Thomas Friedman: Gas Tax Needed

A gas tax? Get real, Tom. Conservation and self-sacrifice are anathema to our boy-president.

Driving Toward Middle East Nukes in Our S.U.V.’s
Published: February 10, 2006

The world stands today at a very dangerous dividing line. It is the dividing line between the post-cold-war world, which we have known since 1989 — one of expanding democracy and free markets — and a post-post-cold-war world, which is unknown but almost certain to be a much less stable, prosperous and benign place.

I believe the questions that will determine whether we enter the post-post-cold-war world will come down to two: how India, China and Russia deal with Iran’s nuclear ambitions, and how the West, particularly America, deals with $60-a-barrel oil.

Let me explain: if Iran develops a nuclear bomb, Saudi Arabia, Egypt and possibly other Sunni Arab states are bound to follow. The Sunni Arabs can overlook Israel’s bomb, but they will never stand for the Persian Shiites having a bomb and them not. That’s about brothers with a centuries-old rivalry. And if the Arab world starts to go nuclear, then you will see the crumbling of the whole global nuclear nonproliferation regime.

A world with so many nuclear powers, particularly in its primary oil-producing region, could only be a more dangerous and unstable place, compared with the post-cold-war world. Imagine Iran with $60-a-barrel oil to make all the mischief it wants, and a nuclear weapon to shield it from any retaliation. Indeed, if you want to know what the post-post-cold-war world would sound like, listen to Iran’s poisonous president, Mahmoud Ahmadinejad. He was quoted in The Guardian of London the other day as saying: “Our enemies cannot do a damn thing. We do not need you at all. But you are in need of the Iranian nation.”

I’m convinced that the only countries capable of getting Iran to back down — through diplomacy — are China, India and Russia. Europe is too weak, and America has already used every economic sanction it can on Iran. China, India and Russia have been great beneficiaries of the post-cold-war order, and the trade, economic development and exports it has made possible. That order was largely shaped and safeguarded by the United States, with China, India and Russia often getting a free ride.

But that order will continue only if China, India and Russia get over their reluctance to get too close to America and become real stakeholders in maintaining this post-cold-war world.

I want to share power and responsibility with them — starting with the three of them, which represent half of humanity, looking Iran in the eye and telling its leadership that they will join in any and all U.N. sanctions if Iran tries to build an A-bomb. That would get Tehran’s attention.

As for America, its leadership task has shifted. If the Bush team continues to let Dick Cheney set its oil policy — one that will keep America dependent on crude oil — the post-cold-war democracy movement that was unleashed by the fall of the Berlin Wall will be either aborted, diluted or reversed. If regimes like those in Iran, Venezuela, Syria, Burma, Sudan and Nigeria have the benefit of 10 years of $60-a-barrel oil, whatever democratic tide President Bush thinks he is unleashing will be stymied. The worst regimes in the world will have the most power to support the most regressive political and religious trends.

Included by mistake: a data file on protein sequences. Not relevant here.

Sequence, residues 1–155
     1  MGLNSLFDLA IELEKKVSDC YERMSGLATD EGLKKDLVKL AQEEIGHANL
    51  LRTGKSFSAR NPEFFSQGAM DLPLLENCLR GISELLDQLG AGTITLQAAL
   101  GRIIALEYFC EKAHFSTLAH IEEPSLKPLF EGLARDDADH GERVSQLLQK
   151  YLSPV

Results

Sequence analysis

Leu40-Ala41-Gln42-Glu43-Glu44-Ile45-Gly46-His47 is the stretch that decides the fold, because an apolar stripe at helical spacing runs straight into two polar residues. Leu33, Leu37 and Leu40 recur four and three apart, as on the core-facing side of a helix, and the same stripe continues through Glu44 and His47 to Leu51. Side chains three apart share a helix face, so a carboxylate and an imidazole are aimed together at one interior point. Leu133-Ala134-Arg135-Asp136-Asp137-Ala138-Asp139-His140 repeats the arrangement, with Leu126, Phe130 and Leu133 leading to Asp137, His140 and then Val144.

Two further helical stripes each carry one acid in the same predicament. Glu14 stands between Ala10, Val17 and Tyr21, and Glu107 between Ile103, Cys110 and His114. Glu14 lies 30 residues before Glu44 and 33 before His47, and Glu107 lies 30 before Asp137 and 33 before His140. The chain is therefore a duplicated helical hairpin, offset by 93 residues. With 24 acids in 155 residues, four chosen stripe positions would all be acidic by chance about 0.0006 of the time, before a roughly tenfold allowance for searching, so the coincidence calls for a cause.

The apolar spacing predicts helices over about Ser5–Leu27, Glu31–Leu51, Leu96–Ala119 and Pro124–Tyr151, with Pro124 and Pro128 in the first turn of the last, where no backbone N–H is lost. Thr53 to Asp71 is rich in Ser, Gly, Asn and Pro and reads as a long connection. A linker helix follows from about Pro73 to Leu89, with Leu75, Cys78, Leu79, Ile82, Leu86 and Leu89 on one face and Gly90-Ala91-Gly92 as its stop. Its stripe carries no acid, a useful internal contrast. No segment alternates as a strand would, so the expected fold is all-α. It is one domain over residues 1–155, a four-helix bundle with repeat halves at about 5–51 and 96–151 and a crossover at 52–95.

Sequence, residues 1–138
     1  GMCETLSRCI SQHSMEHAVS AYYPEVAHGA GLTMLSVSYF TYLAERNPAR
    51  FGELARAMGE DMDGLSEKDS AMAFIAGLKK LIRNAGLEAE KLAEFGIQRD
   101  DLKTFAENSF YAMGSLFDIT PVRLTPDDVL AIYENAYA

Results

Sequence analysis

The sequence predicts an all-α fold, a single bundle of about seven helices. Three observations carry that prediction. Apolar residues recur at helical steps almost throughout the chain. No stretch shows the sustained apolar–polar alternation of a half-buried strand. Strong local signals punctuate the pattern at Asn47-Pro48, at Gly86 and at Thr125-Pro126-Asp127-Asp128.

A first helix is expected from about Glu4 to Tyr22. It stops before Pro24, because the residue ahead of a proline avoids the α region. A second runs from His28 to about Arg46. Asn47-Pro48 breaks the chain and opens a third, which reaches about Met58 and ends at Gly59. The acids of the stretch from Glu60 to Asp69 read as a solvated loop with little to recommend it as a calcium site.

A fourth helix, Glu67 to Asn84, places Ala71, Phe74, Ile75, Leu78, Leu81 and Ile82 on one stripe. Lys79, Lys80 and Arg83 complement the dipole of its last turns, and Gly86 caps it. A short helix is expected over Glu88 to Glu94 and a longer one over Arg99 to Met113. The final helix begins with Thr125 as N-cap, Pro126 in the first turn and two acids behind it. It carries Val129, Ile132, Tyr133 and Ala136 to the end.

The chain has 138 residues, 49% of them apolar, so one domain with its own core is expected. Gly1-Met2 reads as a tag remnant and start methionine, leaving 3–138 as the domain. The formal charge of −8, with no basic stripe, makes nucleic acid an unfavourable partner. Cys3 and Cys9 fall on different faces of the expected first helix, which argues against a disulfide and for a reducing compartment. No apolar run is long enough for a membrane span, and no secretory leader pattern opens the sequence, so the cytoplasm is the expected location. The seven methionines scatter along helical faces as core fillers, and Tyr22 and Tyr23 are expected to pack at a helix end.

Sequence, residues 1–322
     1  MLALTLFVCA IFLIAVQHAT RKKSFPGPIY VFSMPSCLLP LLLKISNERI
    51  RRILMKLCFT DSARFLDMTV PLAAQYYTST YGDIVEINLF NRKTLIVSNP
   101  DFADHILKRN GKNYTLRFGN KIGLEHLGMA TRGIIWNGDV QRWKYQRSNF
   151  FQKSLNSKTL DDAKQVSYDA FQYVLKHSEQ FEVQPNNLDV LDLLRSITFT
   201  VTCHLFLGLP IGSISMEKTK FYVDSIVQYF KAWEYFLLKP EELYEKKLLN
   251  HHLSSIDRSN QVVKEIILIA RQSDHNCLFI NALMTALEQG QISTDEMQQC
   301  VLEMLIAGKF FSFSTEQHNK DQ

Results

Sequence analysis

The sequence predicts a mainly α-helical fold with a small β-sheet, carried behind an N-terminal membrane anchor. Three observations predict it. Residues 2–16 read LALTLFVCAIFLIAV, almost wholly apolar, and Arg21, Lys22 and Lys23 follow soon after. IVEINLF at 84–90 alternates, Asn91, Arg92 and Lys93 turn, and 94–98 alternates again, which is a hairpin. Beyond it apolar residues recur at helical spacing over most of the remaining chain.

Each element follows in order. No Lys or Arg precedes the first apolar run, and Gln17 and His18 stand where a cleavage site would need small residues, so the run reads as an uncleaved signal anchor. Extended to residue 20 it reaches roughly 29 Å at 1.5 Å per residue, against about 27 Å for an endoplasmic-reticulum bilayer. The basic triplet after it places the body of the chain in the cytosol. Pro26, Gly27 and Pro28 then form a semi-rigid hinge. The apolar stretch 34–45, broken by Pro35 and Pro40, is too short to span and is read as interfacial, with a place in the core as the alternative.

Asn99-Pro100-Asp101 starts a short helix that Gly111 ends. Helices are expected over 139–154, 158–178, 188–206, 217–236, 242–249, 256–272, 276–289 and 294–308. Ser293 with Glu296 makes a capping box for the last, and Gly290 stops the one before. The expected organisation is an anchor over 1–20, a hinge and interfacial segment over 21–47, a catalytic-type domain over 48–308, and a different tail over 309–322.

I don’t approve of the Danish newspaper cartoons mocking the Prophet Muhammad. Yes, you can see much worse in the Arab-Muslim press on any day. But why should the West get into that gutter? What I approve of even less are the blatant efforts to intimidate the world media that have printed these cartoons — an intimidation effort cynically fueled by Iran, Syria and its theocratic allies. What do you think will happen after a few more years of $60-a-barrel oil? You will see a radical arc from Iran to Syria to Hezbollah to Hamas — all financed by Iran — intimidating every moderate in the Muslim world.

A British official recalled for me that in 1946, the British foreign secretary, Ernest Bevin, remarked, “Give me 100,000 tons of coal and I will give you a foreign policy.” What he meant was, Give me the energy source to heat the homes and run the businesses of Europe, and I will give you a rebuilt Europe.

Well, I say, Give me even $30-a-barrel oil and I will give you an Iranian regime that is a lot less smug — an Iran that will need to be tied into the world much more in order to create real jobs for its exploding population.

That’s why we need an urgent national effort, starting with a gasoline tax, to move the U.S. economy onto a path of more fuel-efficient cars and renewable energy. If we do it, everyone will follow.

If we don’t, then say hello to the post-post-cold-war world and say goodbye to the post-cold-war world. It was fun while it lasted

The Discussion: 4 Comments

I wonder how many barrels of Saudi oil have been burned by patriotic Americans searching for Danish products to buy.

I’m all for “buycotting” Ecco shoes and havarti, but let’s face it: it’s a pretty hollow gesture if it requires extra driving.

Wanna fight the Islamo-fascists? Buy a bike and ride it. Or put on those new Ecco shoes (an excellent product; I rarely wear anything else) and walk somewhere you’d normally drive.

February 10, 2006 @ 3:02 am | Comment

Damn, I miss your comments

February 10, 2006 @ 4:57 am | Comment

And did you see the google ad it generated for Ecco shoes!

February 10, 2006 @ 4:58 am | Comment


Honestly, I love Ecco shoes. They’re so comfortable. So much better than anything you’ll find at, say, Wal*Mart. Even if they’re not actually made in Denmark anymore (my current pair were made in Slovakia or someplace, I think).

They’re not cheap or stylish, but then again, neither am I. 🙂

February 10, 2006 @ 2:23 pm | Comment

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